Chances are, the story had your attention from the start. Otherwise, you wouldn’t have much reason to read all the way through. Think of a hook as the introduction or start of a story. It’s a necessary part that brings readers into the rest of the copy.
Like runners in a relay race, the transition is smooth and effortless. It’s almost as if the same person runs the entire race. In the same way, a good hook takes the reader through the body copy to the CTA.
So how can you craft a hook like that? A hook that gets your readers to the finish line? It’s easy, as long as you put in the work and include the right information.
Legendary copywriter John Carlton once described a hook as detective work. A good hook doesn’t happen; there’s a pursuit. You have to do your research and find out what the offer is all about. It’s not enough to look at some features and tell a reader what they are. Readers want to know what those features mean to them.
For example, take Carlton’s famous hook about the one-legged golfer:
“Amazing Secret Discovered By One-Legged Golfer Adds 50 Yards To Your Drives, Eliminates Hooks and Slices...And Can Slash Up To 10 Strokes From Your Game Almost Overnight!”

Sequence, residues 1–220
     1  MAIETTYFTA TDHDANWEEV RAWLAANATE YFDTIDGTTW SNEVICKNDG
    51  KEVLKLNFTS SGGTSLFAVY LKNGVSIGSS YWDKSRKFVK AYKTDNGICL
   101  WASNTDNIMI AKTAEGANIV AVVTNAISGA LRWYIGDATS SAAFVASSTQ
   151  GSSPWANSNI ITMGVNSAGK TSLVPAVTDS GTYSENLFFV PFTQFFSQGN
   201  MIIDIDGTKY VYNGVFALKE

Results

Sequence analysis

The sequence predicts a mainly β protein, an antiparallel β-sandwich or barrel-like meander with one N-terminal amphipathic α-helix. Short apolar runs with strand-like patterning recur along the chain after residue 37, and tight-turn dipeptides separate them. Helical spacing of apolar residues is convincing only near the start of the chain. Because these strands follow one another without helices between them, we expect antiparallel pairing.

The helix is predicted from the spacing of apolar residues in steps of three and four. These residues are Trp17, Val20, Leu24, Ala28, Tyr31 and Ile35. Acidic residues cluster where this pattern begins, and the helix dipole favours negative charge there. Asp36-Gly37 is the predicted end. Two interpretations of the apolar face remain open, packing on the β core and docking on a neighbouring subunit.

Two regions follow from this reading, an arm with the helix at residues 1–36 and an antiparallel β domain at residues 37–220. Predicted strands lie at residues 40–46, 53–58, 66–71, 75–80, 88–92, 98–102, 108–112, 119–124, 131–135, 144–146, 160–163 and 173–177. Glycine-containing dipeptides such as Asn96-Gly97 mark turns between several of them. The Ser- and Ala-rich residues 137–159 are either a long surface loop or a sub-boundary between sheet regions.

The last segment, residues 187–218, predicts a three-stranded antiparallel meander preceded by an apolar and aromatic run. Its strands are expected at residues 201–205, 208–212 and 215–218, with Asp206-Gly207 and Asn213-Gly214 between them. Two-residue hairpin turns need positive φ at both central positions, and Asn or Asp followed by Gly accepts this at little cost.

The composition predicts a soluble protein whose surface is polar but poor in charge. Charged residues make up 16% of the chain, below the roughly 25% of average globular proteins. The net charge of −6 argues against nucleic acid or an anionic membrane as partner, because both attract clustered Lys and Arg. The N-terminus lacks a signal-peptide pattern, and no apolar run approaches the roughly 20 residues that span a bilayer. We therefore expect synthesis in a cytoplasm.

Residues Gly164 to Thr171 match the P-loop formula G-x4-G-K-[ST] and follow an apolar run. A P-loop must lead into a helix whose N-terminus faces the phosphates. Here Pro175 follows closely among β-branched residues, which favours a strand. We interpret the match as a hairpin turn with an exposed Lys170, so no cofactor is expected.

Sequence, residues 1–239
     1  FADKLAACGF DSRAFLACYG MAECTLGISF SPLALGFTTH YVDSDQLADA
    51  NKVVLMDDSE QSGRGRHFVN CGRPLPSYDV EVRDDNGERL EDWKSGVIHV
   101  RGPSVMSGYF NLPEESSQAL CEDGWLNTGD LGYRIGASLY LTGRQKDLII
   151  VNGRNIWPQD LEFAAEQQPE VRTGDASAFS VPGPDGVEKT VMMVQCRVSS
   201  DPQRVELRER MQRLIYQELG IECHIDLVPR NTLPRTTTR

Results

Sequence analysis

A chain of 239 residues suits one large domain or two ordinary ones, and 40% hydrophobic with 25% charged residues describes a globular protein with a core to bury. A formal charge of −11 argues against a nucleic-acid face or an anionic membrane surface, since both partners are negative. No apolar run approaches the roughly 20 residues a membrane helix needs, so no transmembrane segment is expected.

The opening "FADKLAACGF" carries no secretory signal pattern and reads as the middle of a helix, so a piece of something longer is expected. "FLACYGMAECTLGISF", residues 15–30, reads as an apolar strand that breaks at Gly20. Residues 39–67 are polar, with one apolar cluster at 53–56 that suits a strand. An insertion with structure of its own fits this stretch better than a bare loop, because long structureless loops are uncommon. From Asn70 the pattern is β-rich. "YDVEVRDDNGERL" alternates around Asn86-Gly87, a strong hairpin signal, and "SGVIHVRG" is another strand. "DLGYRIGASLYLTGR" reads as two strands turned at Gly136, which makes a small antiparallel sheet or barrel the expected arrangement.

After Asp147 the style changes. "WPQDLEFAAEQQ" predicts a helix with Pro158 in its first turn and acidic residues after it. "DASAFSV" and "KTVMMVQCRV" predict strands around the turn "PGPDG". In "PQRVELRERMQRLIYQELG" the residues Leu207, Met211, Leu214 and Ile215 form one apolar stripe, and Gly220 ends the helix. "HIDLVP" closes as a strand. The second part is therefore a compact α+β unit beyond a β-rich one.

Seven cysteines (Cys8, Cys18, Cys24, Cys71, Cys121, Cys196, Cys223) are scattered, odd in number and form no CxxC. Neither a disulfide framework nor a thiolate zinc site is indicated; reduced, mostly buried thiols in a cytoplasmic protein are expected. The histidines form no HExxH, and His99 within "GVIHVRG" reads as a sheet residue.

The story of the golfer was almost not shared because company founder Milt Wallace thought the story was told too many times. Still, Carlton was persistent, and good thing he was.
The thing is, Wallace could have just told Carlton about his product, the Triple Coil Swing. He could have rattled off statistics and features and called it a day. Instead, he dug into stories and ended up with a legendary hook.
The story is only part of it. You need to include certain elements in it as well. It doesn’t do any good if the story isn’t relevant. It has to speak to the reader and appeal to what they want. The one-legged golfer hook wouldn’t do any good if it didn’t provide benefits for the reader.